5 reasons to watch the Cavs-Warriors finals triology

(Photo from @cavs/ Twitter) Cleveland Cavaliers forward LeBron James sizes up Golden State Warriors guard Stephen Curry in the 2016 NBA Finals.

It’s finally official. After a brutal first three rounds of postseason play in the NBA, the Cleveland Cavaliers and Golden State Warriors tip off on June 1 at 9:00 p.m. ET. Just in case there was any doubt that this series is must-watch television, here are five specific storylines to watch for in the league’s premier matchup.

5. Former All-Stars are in their first finals 

Golden State Warriors forward David West, Cleveland Cavaliers guards Deron Williams and Kyle Korver are all making their finals debut. West made the All-Star squads as a member of the New Orleans Hornets in the 2007-08 and 2008-09 seasons as Chris Paul’s right-hand man. Williams is a three-time All-Star with the Utah Jazz and the New Jersey Nets. Williams was once in the conversation for the best point guard in the league along with 2005 draftmate Paul. Williams is a backup now with the Cavaliers, but he was a bright spot for the team in the Eastern Conference Game 5 closeout win over the Boston Celtics by scoring 14 points in 17 minutes. Korver was an All-Star in 2015 and is considered one of the best three-point shooters of this generation. In the 2015 season, Korver was on the No. 1 seeded Atlanta Hawks squad, but after he got injured in Game 1, the team never recovered and was swept by his current team, the Cavaliers.

4. Kevin Durant’s return to the finals

Recognized as a top-three talent in the world, Golden State Warriors forward Kevin Durant is hungry to win his first NBA title. Durant made his finals debut in a 4-1 loss to LeBron James and the Miami Heat in 2012. A championship win takes him off the list he headlines of current great players like Chris Paul and Carmelo Anthony without a ring.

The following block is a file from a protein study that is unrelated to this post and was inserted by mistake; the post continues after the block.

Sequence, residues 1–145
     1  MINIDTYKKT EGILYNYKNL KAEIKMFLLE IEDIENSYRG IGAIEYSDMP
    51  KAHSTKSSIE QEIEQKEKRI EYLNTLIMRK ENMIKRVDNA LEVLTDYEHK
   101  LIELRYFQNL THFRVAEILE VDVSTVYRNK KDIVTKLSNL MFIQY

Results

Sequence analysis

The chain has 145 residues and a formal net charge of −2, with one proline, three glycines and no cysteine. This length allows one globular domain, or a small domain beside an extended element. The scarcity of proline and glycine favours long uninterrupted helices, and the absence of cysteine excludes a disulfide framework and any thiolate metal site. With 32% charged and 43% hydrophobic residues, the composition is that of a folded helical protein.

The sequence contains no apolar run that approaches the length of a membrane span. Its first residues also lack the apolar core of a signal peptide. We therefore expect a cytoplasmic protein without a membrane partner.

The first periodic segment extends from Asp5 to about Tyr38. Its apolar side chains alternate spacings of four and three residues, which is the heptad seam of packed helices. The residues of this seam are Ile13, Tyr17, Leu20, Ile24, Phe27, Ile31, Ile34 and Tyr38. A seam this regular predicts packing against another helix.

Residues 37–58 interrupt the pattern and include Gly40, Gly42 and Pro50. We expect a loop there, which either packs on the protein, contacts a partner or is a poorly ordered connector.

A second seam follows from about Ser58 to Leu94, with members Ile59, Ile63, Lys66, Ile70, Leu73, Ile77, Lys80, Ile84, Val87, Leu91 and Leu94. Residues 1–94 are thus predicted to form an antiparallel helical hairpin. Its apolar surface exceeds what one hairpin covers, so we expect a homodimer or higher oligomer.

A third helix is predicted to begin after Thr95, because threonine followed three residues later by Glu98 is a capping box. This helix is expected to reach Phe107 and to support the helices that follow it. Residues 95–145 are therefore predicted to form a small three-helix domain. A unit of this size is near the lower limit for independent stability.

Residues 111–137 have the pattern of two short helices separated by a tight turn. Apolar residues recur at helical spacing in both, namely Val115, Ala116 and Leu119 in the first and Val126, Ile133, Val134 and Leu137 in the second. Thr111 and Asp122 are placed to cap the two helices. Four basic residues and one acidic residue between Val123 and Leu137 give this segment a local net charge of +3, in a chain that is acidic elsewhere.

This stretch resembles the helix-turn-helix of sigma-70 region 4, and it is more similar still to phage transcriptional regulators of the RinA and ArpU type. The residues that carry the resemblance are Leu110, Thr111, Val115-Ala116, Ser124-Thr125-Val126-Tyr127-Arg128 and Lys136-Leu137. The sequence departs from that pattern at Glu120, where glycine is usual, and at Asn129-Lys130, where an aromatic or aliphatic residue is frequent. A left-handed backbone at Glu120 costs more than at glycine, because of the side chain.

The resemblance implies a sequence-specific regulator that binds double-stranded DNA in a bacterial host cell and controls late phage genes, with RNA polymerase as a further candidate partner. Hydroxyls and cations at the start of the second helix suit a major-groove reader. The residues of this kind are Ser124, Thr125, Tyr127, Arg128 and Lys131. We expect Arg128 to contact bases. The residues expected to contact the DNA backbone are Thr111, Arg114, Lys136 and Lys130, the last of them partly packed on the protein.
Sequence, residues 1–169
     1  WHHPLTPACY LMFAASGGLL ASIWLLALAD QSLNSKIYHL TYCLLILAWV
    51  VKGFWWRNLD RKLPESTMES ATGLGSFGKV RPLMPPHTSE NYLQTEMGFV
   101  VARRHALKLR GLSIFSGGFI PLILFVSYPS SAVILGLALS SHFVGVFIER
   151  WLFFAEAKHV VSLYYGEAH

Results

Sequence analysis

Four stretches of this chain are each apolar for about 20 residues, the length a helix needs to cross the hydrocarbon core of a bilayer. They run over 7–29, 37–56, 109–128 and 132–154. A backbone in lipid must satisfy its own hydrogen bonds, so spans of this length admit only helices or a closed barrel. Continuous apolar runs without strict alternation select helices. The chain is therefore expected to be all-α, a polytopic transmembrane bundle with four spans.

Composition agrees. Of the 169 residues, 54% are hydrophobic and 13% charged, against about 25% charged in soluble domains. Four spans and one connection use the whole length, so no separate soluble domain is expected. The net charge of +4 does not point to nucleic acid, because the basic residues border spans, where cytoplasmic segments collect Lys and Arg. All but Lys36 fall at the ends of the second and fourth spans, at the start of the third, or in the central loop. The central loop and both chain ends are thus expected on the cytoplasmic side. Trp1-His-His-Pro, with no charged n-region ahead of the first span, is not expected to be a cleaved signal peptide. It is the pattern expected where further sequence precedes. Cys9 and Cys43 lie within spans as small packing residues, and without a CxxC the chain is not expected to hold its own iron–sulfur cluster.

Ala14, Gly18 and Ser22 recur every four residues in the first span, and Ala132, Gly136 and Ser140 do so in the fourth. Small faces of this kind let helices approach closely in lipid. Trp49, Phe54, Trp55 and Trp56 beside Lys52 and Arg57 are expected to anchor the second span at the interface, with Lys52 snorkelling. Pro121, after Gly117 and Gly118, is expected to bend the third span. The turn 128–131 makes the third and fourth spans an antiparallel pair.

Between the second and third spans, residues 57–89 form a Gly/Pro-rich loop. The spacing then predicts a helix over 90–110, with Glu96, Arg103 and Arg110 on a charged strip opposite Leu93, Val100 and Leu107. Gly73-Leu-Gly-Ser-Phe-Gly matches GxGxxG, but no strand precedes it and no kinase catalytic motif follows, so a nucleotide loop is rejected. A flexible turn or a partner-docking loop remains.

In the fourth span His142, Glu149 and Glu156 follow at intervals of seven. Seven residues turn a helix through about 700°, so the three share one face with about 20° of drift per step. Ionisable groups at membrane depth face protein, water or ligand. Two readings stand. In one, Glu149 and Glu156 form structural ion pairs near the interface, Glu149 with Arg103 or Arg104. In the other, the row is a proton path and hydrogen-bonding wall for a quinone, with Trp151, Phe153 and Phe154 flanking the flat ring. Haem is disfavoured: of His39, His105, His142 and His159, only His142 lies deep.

3. Stephen Curry vs. Kyrie Irving

Golden State Warriors guard Stephen Curry is also often regarded as a top-three player in the world, but Cleveland Cavaliers guard Kyrie Irving has bested Curry in the previous two championship series. In 2015, Irving finished with 23 points on 46 percent shooting, seven rebounds, six assists, four steals and two blocks in before going down with an injury in overtime of Game 1. In 2016, Irving averaged nearly five more points and one more steal than Curry. Irving also bested Curry in the categories of field goal percentage and assists. The moment that most fans remember is the big-time, last minute go-ahead three-point Irving made over Curry in 2016’s Game 7. A healthy Curry no longer has excuses to get shown up again by Irving.

2. Draymond Green’s temper

The Warriors appeared to be in the position to win back-to-back championships as they were on the verge of holding a 3-1 lead over the Cavaliers. Then Draymond Green happened. After kicking Oklahoma City Thunder center Steven Adams in the previous center, Green was under the NBA’s telescope for any problems the Warriors forward might cause in the postseason. With a little over two minutes to go in Game 4, Green set a very aggressive screen on James and fell to the ground. James stepped over Green and Green rushed back up to his feet while James was crossing over Green. That play was the flagrant foul that suspended Green for Game 5. The suspension always raised a “what if” scenario for Warriors fans worldwide, but this series could be the chance for them to find out.

1. LeBron James continues pursuit to be the greatest player of all-time

Championship No. 4 makes James a player with a .500 record in the finals. This championship could be James’ most special, with Durant moving to a team that already won 73 games in the regular season prior. He doesn’t have six championships quite yet, but second consecutive finals appearances, with four championships and two over the best team’s assembled in NBA history in back-to-back seasons is historic.

Rashad Milligan
Rashad Milligan

Rashad Milligan is the sports editor at the Valley Times-News in Lanett, Alabama. He was once a news reporter at the Douglas County Sentinel and the sports editor for Georgia State's student newspaper, The Signal.

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